Netanyahu’s Congress speech did not help Likud, 'Post' poll finds

Zionist Union still ahead 24-22 seats; Netanyahu confidant says premier wants national unity government.

Netanyahu speaks to Congress (photo credit: screenshot)
Netanyahu speaks to Congress
(photo credit: screenshot)
Prime Minister Benjamin Netanyahu’s speech to the US Congress did not help his Likud party cut the Zionist Union’s two-seat lead, according to a Panels Research poll taken on Wednesday and Thursday for The Jerusalem Post and its Hebrew sister publication Maariv Sof Hashavua.
If the March 17 election were held now, the Zionist Union would beat the Likud, 24 Knesset seats to 22, the poll found. In last week’s survey, the Zionist Union received 25 seats and Likud 23.
The numbers for the Zionist Union and the Likud fluctuated both before and after Tuesday’s speech. A Panels Research poll taken for the Knesset Channel on Monday predicted 24 seats for the Zionist Union and 21 for the Likud. A poll Panels took immediately after the speech on Tuesday night and Wednesday gave the Zionist Union 23 seats and the Likud 22, while the Zionist Union gained a seat in the poll conducted on Wednesday and Thursday.
Likud officials said that while they expected the speech in Congress to have a more lasting effect, they were not disappointed with the survey results because, from their point of view, the numbers indicate that only Netanyahu can form a government.
The poll predicted 56 seats for parties on the Right: The Likud’s 22; Bayit Yehudi’s 12; seven for Shas; six for United Torah Judaism; five for Yisrael Beytenu; and four for Yahad.
It gave 56 seats to parties on the Left: Zionist Union’s 24; Yesh Atid and the Joint (Arab) List with 13 each; and Meretz six. The survey of 650 respondents representing a statistical sample of the Israeli population has a margin of error of +/-3.9 percentage points.
In such a scenario, Moshe Kahlon would hold the balance of power with his eight seats for Kulanu that could go either way. But Likud officials noted that the Joint List has said it would not join any coalition; the haredi (ultra-Orthodox) parties refuse to enter a coalition with Yesh Atid; and Yisrael Beytenu chairman Avigdor Liberman has vigorously ruled out a coalition with Meretz.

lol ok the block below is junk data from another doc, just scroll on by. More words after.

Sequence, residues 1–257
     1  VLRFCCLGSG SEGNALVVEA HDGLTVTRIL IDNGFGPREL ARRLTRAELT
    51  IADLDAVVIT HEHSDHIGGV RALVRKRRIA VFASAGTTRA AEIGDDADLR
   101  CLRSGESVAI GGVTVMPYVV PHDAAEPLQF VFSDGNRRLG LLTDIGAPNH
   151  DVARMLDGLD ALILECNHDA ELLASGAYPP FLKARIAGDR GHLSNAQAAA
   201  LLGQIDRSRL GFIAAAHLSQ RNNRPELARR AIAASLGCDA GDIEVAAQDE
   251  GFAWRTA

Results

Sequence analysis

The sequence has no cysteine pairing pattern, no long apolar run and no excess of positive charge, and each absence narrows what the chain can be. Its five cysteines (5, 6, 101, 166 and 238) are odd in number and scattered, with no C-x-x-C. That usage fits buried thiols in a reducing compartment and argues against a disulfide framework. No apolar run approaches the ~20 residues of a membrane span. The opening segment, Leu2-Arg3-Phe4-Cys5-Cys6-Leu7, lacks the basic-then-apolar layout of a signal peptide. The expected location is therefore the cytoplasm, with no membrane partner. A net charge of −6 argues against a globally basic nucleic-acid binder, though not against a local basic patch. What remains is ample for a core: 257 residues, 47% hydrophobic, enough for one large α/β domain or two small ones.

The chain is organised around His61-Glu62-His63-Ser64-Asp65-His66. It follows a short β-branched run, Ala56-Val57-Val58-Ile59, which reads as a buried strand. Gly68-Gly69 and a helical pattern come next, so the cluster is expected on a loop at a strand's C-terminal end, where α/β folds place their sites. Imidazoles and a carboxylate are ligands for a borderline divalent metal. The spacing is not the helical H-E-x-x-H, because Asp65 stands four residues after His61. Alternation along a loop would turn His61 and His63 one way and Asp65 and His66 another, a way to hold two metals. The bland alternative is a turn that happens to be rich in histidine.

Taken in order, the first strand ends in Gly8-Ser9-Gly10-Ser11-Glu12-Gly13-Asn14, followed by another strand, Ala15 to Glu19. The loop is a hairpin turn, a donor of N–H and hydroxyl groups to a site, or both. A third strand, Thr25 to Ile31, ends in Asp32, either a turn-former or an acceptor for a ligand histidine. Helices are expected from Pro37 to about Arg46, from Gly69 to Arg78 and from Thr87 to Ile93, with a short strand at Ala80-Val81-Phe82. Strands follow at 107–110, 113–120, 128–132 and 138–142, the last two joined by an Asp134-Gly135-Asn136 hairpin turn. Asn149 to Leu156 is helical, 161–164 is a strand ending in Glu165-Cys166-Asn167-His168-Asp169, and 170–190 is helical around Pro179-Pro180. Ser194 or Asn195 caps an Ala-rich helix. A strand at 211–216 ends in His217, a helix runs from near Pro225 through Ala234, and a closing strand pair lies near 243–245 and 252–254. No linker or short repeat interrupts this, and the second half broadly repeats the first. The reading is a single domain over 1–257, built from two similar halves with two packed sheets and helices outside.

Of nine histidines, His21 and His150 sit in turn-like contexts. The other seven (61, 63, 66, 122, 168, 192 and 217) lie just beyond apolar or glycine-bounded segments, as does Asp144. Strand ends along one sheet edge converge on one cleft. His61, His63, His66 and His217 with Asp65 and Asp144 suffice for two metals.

A close Netanyahu confidant told the Post that despite Netanyahu’s repeated statements ruling out a unity government with the Zionist Union, “Bibi would be happy to form a unity government, as long as he can bring in the parties on the Right first with coalition guidelines the Right could accept.”
Likud officials have spoken more openly recently about the possibility of the Zionist Union joining a Likud-led government, but they have ruled out a rotation in the Prime Minister’s Office between Netanyahu and Zionist Union leaders Isaac Herzog and Tzipi Livni.
“We haven’t said no to anything, but it is clear that first we need to create a natural bloc, a natural coalition that is Right and, after, if someone wants to join, they can,” Defense Minister Moshe Ya’alon told Army Radio on Thursday morning.
Negev and Galilee Development Minister Silvan Shalom told Israel Radio on Wednesday that he hoped the Zionist Union would join a Likud-led government. Likud faction chairman Ze’ev Elkin called the chances of a unity government “50-50.”
Shas chairman Arye Deri said on Thursday he would prefer a unity government. Bayit Yehudi head Naftali Bennett has said in closed conversations that he could coexist in a government with Herzog, but he criticized such a possibility Thursday on Facebook.
“The mask has been removed,” Bennett wrote in response to Ya’alon. “The Likud wants to form a government with Buji [Herzog] and Tzipi without Bayit Yehudi like it tried last time. Last time, the Likud brought in Tzipi (with just six mandates!) and tried with full force to leave us out. Only a big Bayit Yehudi will force the Likud to form a government without the Left.”
The Likud responded by releasing a statement on Facebook attacking some of the more extreme quotes attributed to Zionist Union candidates and ruling out a national unity government that would include them.
“There won’t be a national unity government,” the Likud statement said. “Netanyahu will turn to his natural partners – first and foremost Bayit Yehudi – to form a nationalist government. But, for that, the Likud must be large. Only a large Likud can prevent a leftwing government’s formation.”
When the Post poll asked respondents whether they support the formation of a unity government of the Likud and the Zionist Union, 54 percent said no, 28% yes, and 18% had no opinion.
The proportion saying they want Netanyahu to remain prime minister rose from 42% last week to 46%. The proportion saying they do not want him as prime minister fell from 50% to 44%. It was only the second time in the last two months that a majority said they wanted Netanyahu to remain prime minister.
Meanwhile, Zionist Union strategist Reuven Adler told Channel 10 his party had no intention of canceling the deal reached between Herzog and Livni on a rotation in the Prime Minister’s Office if the party forms the next government.